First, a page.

Robert Burns came to the public eye with the publication of Poems, Chiefly in the Scottish Dialect (1786), published in Kilmarnock, Ayrshire, often known as ‘the Kilmarnock edition’. Shown here are 'To a Mouse' and 'To a Louse', two of Burns's best-know poems.

This was one of the most innovative volumes of verse published in Britain in the 18th century. In ‘Epistle to J. Lapraik, an old Scotch Bard’ Burns casts himself as a ‘heaven-taught ploughman’ rather than a writer working from the culture of a classical education, though in fact he had benefited from a private tutor who had schooled him in Shakespeare and Milton. But the prevailing literary culture in Scotland which placed a high value on poetry of the emotions and nature provided the ideal environment for Burns’s verse, and he was able to graft onto this a clear homage to earlier Scottish poets Allan Ramsay and Robert Fergusson.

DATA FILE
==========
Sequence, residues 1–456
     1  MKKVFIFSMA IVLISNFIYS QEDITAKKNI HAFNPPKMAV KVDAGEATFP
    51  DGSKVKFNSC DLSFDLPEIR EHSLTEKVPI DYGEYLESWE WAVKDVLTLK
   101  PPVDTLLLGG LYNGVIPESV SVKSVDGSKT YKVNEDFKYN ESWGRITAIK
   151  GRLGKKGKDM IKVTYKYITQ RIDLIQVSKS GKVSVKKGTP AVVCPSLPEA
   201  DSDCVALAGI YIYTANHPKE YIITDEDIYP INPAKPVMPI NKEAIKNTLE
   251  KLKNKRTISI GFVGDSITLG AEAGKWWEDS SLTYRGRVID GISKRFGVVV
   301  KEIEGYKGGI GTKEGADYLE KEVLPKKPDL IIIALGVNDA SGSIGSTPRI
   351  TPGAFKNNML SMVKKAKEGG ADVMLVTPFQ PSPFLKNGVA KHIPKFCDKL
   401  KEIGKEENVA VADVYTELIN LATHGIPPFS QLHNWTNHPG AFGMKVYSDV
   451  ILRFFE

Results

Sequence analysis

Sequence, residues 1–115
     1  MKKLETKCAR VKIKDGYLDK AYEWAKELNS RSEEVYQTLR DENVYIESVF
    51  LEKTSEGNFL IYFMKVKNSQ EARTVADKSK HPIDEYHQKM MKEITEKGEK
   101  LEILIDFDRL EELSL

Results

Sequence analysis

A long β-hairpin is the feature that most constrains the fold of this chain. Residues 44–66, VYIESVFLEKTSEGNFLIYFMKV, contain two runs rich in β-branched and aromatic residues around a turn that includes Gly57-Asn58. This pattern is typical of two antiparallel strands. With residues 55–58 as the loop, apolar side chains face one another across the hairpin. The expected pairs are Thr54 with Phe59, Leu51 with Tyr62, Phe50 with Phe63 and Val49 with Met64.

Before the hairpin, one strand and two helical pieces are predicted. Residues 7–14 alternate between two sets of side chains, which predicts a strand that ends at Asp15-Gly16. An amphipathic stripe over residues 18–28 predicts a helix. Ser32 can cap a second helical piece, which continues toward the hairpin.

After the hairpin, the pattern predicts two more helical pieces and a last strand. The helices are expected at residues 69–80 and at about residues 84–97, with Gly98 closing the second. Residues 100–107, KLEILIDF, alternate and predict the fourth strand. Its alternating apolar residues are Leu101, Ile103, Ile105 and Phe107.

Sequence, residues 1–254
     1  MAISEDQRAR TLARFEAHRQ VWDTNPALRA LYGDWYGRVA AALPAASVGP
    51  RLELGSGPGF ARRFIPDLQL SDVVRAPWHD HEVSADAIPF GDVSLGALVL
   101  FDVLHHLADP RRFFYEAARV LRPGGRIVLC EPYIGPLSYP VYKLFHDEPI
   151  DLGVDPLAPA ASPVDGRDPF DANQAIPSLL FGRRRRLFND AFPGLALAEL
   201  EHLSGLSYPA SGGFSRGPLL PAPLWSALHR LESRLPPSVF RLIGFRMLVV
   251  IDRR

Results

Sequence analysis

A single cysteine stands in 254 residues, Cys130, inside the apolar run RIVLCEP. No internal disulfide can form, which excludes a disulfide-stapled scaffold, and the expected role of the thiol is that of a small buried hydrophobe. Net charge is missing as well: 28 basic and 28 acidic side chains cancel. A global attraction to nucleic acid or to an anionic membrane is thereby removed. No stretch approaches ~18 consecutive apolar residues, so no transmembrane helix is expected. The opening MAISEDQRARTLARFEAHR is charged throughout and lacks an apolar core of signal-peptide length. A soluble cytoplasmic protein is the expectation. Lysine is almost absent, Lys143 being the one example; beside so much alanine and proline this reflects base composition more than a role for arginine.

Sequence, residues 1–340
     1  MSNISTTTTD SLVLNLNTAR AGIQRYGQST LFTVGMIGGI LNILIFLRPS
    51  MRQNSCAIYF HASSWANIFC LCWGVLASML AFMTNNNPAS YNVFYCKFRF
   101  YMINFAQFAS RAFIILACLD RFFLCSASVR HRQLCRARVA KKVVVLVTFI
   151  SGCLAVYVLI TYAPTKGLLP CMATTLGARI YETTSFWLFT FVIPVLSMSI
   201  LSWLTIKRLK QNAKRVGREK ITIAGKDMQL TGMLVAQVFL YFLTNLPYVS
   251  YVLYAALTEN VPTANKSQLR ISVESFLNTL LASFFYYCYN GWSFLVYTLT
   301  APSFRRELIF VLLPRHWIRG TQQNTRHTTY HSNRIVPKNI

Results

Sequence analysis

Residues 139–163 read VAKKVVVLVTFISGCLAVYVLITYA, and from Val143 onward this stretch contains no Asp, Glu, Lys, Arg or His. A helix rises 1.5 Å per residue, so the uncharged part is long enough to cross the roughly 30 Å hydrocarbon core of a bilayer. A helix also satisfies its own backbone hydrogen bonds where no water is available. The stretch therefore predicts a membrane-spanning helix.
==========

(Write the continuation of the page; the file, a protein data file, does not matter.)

A second edition of the book, published in Edinburgh the following year, led to Burns being hailed as the ‘national Bard’ of Scotland.